I’ve always wanted to go promming but having lived previously on the Isle of Wight and in York I was never really close enough for going to be very convenient. But now I only live about 40 minutes away and I rallied my friend Natasha to accompany me to the War Horse Prom on Sunday afternoon.
We queued from about 1.15 and were just near the top of the steps but were told there was a reduced capacity in the arena (which we later discovered was due to a fenced off area and various props including Joey the horse emerging through us) so were a bit nervous about getting in… It got very tense as we neared the box office and then Natasha and I were the last but three people in so we could barely have timed it better!
The prom started with a wonderful arrangement of Sankey’s Only Remembered, which features in the actual stage show War Horse and was sung beautifully by Tim van Eyken and the Military Wives Choir, who stunned the auditorium by appearing in the gallery and letting their sound waft down. This song was reprised in a more stoic arrangement to close the concert, as it does in the show, and it was just as special then.
Merging seamlessly, as every piece did in an example of true craft, Frank Bridge’s Summer came next with acting both hilarious and poignant representing the summer that everyone had to grow up very quickly alongside descriptive orchestral episodes.
After Gareth Malone, who appeared on a stepladder in the arena to face the military wives who had recently filed onto stage, indicated to all that it may be wise to block their eyes, a huge cannon explosion of confetti added to the auditory symbolism of the afternoon.
He then led the choir in Holst’s Home They Brought Her Warrior Dead and Ave Maria, sandwiched by Elgar’s Two Partsongs, Op. 26 – The Snow featuring full orchestra. All three were very special, with a solid three minute flurry of fake snow flying down into the arena accompanying the latter, adding to the atmosphere even more.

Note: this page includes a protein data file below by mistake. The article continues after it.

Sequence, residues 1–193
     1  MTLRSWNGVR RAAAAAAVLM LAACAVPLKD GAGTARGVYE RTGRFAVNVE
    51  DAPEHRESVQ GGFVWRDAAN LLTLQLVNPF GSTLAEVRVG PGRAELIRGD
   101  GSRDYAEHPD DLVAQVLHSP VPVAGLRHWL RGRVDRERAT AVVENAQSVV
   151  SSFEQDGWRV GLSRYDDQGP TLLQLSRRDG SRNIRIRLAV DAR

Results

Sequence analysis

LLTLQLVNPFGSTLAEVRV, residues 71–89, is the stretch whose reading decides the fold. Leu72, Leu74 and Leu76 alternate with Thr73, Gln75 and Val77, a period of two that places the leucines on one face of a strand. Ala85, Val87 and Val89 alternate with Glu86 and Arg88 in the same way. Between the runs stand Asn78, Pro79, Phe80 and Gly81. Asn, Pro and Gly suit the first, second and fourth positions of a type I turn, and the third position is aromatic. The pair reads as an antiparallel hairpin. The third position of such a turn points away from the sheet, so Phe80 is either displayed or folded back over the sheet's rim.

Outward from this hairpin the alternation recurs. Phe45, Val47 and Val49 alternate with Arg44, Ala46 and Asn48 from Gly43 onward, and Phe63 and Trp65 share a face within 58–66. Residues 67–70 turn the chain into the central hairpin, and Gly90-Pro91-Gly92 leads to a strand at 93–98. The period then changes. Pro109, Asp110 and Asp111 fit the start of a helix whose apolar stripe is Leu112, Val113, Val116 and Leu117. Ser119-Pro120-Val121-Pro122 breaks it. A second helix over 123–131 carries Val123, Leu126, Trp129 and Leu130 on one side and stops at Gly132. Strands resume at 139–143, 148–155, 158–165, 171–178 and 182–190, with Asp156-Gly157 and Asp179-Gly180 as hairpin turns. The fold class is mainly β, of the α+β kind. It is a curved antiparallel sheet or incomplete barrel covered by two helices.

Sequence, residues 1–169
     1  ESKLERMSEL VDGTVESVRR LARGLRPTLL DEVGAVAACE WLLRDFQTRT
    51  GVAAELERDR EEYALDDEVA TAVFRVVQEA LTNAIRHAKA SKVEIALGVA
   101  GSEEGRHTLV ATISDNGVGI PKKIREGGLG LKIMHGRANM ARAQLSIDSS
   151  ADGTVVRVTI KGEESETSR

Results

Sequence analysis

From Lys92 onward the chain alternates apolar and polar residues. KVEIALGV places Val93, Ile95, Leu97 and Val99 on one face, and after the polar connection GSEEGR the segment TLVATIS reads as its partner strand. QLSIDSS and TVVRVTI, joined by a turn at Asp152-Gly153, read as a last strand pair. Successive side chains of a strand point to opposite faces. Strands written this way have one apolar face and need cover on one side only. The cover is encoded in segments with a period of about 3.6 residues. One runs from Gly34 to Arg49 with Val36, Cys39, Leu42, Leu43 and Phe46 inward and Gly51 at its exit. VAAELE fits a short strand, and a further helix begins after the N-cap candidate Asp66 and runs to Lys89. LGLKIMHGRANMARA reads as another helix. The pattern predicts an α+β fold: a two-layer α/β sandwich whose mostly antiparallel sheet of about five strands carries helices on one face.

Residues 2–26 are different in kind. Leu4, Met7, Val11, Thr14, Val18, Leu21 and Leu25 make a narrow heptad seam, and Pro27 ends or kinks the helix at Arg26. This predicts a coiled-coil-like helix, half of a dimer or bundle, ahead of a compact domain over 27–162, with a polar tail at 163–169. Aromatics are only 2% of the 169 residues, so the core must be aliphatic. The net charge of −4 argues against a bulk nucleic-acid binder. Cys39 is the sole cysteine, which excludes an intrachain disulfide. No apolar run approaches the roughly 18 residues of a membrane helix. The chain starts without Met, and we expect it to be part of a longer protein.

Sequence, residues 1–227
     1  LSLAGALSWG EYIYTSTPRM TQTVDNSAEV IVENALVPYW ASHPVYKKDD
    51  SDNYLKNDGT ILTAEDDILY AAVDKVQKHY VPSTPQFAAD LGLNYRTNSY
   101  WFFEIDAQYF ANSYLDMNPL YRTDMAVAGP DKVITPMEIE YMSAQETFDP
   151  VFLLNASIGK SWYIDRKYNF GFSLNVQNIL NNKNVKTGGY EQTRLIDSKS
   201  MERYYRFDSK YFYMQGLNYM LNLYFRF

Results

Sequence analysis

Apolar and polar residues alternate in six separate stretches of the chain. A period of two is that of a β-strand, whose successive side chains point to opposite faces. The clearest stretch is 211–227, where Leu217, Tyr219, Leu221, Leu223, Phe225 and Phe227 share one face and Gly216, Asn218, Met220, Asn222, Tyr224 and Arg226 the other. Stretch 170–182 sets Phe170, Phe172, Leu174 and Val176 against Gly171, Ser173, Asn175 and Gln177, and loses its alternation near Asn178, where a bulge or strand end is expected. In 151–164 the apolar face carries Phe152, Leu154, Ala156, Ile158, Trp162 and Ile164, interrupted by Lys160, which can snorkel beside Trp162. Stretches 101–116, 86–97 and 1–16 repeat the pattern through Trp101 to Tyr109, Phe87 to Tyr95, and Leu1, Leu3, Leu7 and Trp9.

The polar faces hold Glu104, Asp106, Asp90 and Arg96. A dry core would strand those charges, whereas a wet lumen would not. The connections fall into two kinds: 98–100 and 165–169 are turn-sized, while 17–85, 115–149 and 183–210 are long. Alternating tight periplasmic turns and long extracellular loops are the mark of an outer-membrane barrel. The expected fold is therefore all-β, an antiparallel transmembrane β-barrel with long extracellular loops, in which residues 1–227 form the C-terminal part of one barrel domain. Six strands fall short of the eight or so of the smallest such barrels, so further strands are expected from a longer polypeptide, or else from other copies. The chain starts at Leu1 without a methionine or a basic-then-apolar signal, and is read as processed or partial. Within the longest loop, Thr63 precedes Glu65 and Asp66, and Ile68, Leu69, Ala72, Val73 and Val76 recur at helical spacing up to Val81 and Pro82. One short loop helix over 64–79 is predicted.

The War Horse Suite was of course magical, with music spanning the different emotions of the story. Michael Morpugo was, thrillingly, acting as Joey the horse’s owner and the suite retained all the magic of the young and old horse plus geese puppets from the show.
A Turkish ballad sung by Eser Ebcin was an interesting change of pace and transitioned well into excerpts from Ravel’s Le Tombeau de Couperin, which showcased some of the brave women of the war.
Hearing baritone Duncan Rock sing in German in selections from Paul Von Klenau’s Die Wise von Liebe und Tod des Cornets Christoph Rilke creates a change of pace with his deep voice carrying powerfully through the hall, and prom founder Henry Wood’s New War Hymn was immensely powerful, especially with a new orchestration that starts with a full ensemble and audience singing and diminishes to muted strings and the military wives.
Adrian Sutton’s commissioned Some See Us, sung by the 14-18-year-old boys of the Cambiata North West was also extremely powerful, especially seeing boys that young wearing uniforms representing the boys that really were lost.
Finally, the encore of It’s A Long Way To Tipperary led by Gareth Malone on banjo and ending with everyone joining in was an excellent way to finish such a well thought out and carefully considered concert. The level of applause at the end really did it justice; it was as if the lack of applause throughout made it all the more essential for the audience to show its appreciation.
I can’t think of a better way I could have spent my first prom; the atmosphere in the arena in particular was fantastic and being so close to all these wonderful music-makers, actors and authors (Mr Morpugo, I’m looking at you!) was a fabulous way to spend a Sunday afternoon.